The obtained polarograms are used to calculate the respiration rate of mitochondria in different metabolic states and the coefficients characterizing the conjugation of oxidation and phosphorylation processes. The use of solutions of substrates of succinate and malate/glutamate complex makes it possible to assess the degree of functional activity of complexes I and II of the electron transport chain [16]. The central component of the OxPhoS system is cytochrome c-reductase, or complex III, which functions as a dimer. It transports electrons from reduced ubiquinone (ubiquinol) to cytochrome c, a small mobile electron carrier bound to the outer surface of the inner membrane. This multiprotein transmembrane complex is encoded by the mitochondrial (cytochrome b) and nuclear genomes [18]. Electronic transport in complex III is associated with the transfer of protons from the matrix to the intermembrane space and the generation of a proton gradient on the mitochondrial membrane. Cytochrome c is a component of the electron transport chain, the function of which is to transfer electrons between complex III (ubiquinonecytochrome c-reductase or cytochrome bc complex) and complex IV (cytochrome c-oxidase).
For every two electrons passing along the chain of transfer from ubiquinone to cytochrome c, two photons are absorbed from the matrix, and four more protons are released into the intermembrane space. The reduced cytochrome c moves along the membrane in an aqueous medium and transfers one electron to the next respiratory complex, cytochrome oxidase [19,9]. It is the only peripheral protein that interacts with the outside of the inner mitochondrial membrane.Cytochrome c is a water-soluble protein of low molecular weight (about 12,000 Da), the primary structure of which contains about 100 amino acids. Cytochrome c can catalyze hydroxylation and aromatic oxidation reactions and has peroxidase activity by oxidizing various electron donors [20]. Cytochrome c is a metalloprotein that functions in electron transfer reactions and contains heme c (or several hemes) as a prosthetic group, covalently bound to a protein molecule through one or two thioether bonds between the cofactor and the sulfhydryl group of cysteine squirrel. The ligand in the 5th coordination position of the iron ion is always histidine.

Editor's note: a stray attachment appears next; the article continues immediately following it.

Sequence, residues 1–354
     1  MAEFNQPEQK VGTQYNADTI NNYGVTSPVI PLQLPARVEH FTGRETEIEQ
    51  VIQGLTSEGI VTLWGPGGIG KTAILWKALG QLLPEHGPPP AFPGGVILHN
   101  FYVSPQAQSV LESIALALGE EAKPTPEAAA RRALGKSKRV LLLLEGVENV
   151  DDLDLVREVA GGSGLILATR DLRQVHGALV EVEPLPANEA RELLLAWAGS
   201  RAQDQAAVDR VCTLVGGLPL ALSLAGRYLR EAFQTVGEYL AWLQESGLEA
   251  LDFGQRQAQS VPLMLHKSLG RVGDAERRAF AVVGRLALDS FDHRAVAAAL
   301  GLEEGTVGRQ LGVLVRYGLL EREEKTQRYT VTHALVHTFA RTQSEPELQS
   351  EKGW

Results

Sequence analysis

Cytochrome c is localized in the intermembrane space. All cytochromes c can be divided into four classes [10].The first class is the low-spin form of soluble cytochrome c of mitochondria and bacteria, in which histidine bound to the heme is located in the N-terminal part of the protein molecule, and the ligand in the 6th coordination position — methionine is located 40 residues towards The C-terminus of the molecule [18].The second class is the high-spin form of cytochrome c and several low-spin forms (for example, cytochrome c 556), which have heme-binding sites in the C-terminal region of the protein molecule. The protein contains four helical regions of the polypeptide chain [19]. The third class includes cytochromes containing several hemes and having a low redox potential (cytochrome c7 (three hemes), c3 (four hemes), and high molecular weight cytochrome c (hexadecahaem)), in which there are 30–40 residues per heme molecule. Hemes, coordinated by two histidines, are structurally and functionally nonequivalent and are characterized by different redox potentials from 0 to 400 mV [19,18].